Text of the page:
A study may have discovered why breastfeeding might help protect children against allergies such as asthma, scientists have said.
The French research, published in Nature Medicine, shows female mice exposed to allergens can pass them directly to their offspring in milk.
This allows the newborns to become "tolerant" of the substance.
However, in humans, the link between breastfeeding and reduced asthma risk remains unproven, say experts.
There is some research evidence that being breastfed lowers the risk of becoming asthmatic but other studies have failed to find this.
More than 300 million people worldwide have allergic asthma and some scientists believe exposure to allergens, or a lack of exposure, at a very young age may be important in its development.
Asthma happens when the body's own immune system recognises as "foreign" a common and harmless substance found in the environment, such as dust mite faeces.
When this substance is inhaled, the immune reaction can cause inflammation in the airways, narrowing them and making it harder to breathe.
For many sufferers, this can mean a lifetime of drugs, both to damp down the immune reaction and to re-open their constricted airways during an attack.
The researchers, from the INSERM institute in France, used an allergen called ovalbumin - a protein found in egg whites.
They allowed the mothers of newborn mice to breathe in the protein but not their offspring.
Tests confirmed the allergen was then transferred to the baby mice via breast milk and that the baby mice developed an immune system tolerance to it.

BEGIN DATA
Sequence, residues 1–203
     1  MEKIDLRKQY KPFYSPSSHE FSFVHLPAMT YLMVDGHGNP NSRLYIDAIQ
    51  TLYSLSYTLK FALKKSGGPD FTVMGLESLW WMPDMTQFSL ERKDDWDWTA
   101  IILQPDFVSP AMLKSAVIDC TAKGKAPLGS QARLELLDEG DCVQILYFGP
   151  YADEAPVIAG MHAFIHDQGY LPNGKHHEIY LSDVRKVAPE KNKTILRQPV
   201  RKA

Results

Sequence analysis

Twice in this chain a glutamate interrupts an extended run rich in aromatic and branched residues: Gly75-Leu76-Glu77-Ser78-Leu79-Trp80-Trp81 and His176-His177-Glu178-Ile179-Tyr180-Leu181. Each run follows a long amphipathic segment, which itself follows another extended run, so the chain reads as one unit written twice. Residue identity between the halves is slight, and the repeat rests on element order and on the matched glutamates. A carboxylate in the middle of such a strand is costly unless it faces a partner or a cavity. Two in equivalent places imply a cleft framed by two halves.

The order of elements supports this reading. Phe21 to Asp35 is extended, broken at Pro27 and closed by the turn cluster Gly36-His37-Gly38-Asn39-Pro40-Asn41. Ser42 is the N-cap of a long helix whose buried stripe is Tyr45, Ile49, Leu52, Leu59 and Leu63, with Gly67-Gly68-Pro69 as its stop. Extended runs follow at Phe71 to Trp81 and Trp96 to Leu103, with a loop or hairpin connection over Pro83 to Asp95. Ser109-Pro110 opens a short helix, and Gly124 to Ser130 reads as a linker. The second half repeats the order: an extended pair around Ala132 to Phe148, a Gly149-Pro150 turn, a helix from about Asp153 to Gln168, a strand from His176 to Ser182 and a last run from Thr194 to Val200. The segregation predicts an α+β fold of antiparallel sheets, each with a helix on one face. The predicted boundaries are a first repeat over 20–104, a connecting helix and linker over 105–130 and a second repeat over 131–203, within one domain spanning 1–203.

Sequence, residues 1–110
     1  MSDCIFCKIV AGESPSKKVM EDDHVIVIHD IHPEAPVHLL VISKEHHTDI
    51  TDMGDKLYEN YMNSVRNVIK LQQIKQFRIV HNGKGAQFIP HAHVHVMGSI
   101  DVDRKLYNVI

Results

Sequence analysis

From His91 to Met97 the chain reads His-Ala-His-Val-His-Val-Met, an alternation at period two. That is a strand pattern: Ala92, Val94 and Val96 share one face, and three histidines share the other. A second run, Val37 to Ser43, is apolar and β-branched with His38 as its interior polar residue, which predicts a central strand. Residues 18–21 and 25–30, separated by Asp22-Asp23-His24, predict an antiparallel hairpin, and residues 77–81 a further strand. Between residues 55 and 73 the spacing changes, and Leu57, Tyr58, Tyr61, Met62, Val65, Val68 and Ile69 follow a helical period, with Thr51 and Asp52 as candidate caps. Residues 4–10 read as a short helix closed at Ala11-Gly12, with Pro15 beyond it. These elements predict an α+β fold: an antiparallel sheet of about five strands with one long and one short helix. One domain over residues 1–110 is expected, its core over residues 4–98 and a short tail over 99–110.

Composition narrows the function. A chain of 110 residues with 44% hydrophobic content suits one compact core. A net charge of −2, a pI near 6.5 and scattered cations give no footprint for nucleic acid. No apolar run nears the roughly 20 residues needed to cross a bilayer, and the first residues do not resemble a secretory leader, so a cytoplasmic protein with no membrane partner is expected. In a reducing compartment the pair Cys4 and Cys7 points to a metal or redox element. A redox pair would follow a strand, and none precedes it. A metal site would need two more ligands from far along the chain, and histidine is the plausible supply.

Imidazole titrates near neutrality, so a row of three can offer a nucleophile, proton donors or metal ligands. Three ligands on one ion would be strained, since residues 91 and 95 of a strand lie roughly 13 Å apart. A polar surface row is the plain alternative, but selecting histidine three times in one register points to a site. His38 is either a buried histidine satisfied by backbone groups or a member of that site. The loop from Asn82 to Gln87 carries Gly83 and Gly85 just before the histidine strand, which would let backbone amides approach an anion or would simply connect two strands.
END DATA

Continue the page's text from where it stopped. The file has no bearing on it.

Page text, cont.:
This effect happened independently of the mother's own immune system.
The researchers wrote: "This study may pave the way for the design of new strategies to prevent the development of allergic diseases."
Sally Rose, an asthma nurse specialist at Asthma UK, said: 'While some research does suggest that breastfeeding may help reduce the chance of babies developing allergic conditions such as asthma, there are other studies that contradict this.
"Because breastfeeding provides many proven benefits for babies, current advice from the Department of Health, which Asthma UK supports, is that, where possible, babies should be exclusively breastfed for the first six months of life."
Dr Charles McSharry, an immunologist from Glasgow University, said the research did offer a theory as to why breastfeeding might be beneficial in humans.
However, he said comparing the immune reactions of mice and humans was difficult.
"It is far more difficult to induce the kind of immune tolerance they have achieved in mice in humans, which is a key difference," he said.